“Uh, this is Gwon Eun’s home, isn’t it?”
Although the door was open, I did not immediately go inside but instead repeated my question several times. The rusty, dented front door led straight into a dark room, where the only source of light was a round, transparent snow globe. What brought me to that small, cold room where almost no sunlight entered was not something I had chosen. After Gwon Eun had been absent from school for four days, the homeroom teacher summoned me as class president and another student, a girl serving as vice-president, and asked us to go and see what was wrong. The moment we left the teachers’ room, the vice-president said she had a piano lesson and refused to accompany me, so I set off alone for the address written on a scrap of paper and found my way to that front door. As my eyes slowly grew accustomed to the darkness, Gwon Eun came into view, wearing a shabby overcoat and covered with a blanket. Just as Gwon Eun rose and switched on the light, the clockwork of the snow globe ran down and stopped.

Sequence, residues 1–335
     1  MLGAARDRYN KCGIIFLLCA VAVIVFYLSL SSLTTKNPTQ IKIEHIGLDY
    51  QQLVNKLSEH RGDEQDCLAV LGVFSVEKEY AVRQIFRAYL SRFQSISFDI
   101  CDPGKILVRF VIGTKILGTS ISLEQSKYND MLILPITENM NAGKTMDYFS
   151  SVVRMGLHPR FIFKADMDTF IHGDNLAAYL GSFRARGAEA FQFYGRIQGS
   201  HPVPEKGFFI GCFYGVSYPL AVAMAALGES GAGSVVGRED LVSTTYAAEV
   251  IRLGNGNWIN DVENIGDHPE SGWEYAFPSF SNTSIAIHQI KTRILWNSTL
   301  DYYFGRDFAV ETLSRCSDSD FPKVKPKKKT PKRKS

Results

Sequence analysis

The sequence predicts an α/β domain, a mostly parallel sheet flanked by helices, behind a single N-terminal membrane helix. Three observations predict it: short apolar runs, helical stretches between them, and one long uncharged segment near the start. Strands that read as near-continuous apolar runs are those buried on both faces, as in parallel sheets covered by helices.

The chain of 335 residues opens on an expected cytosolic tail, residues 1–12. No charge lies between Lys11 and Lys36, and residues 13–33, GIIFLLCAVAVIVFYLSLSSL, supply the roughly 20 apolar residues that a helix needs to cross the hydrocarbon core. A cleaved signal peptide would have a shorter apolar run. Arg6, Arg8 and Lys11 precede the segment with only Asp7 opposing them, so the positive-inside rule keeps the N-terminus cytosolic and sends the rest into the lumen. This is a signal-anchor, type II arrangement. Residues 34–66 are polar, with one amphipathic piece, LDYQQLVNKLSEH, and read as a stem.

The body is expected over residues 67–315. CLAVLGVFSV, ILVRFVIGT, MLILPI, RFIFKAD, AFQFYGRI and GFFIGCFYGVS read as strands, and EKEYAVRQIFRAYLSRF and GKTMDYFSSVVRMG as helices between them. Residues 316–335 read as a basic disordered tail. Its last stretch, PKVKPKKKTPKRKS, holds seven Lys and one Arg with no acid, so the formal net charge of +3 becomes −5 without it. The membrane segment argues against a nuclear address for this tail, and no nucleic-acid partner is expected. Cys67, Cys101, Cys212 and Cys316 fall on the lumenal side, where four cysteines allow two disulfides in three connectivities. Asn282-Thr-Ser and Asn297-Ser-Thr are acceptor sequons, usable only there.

It was a room without any adjoining kitchen or bathroom. A portable gas stove and a kettle, together with a plastic washbowl holding toiletries revealed the room’s multiple functions. I could not even begin to imagine what that thirteen-year-old girl ate or how she lived in that poor, unheated room. I learned that Gwon Eun’s only family, her father, used to leave home for a minimum of one or two months up to a maximum of six months at a time. “Keep that a secret.” As she spoke she held out a glass of water. “I’m not an orphan. I’m never going to go into any kind of home.” I could think of nothing to say and the water I was gulping down had the distinct metallic taste of disinfectant. Grimacing, I put down the glass, said “Okay,” and quickly left the room. The next day I reported to the homeroom teacher that Gwon Eun was sick. All said and done, there was nothing much wrong with saying that. The young homeroom teacher, who had only recently been appointed, did not seem to pay much attention to my words. After that, I often found myself imagining that Gwon Eun might die. Even just imagining that Gwon Eun died was enough to fill me with panic. There were days when I had the illusion I could hear the other children in my class whispering it was my fault that Gwon Eun died.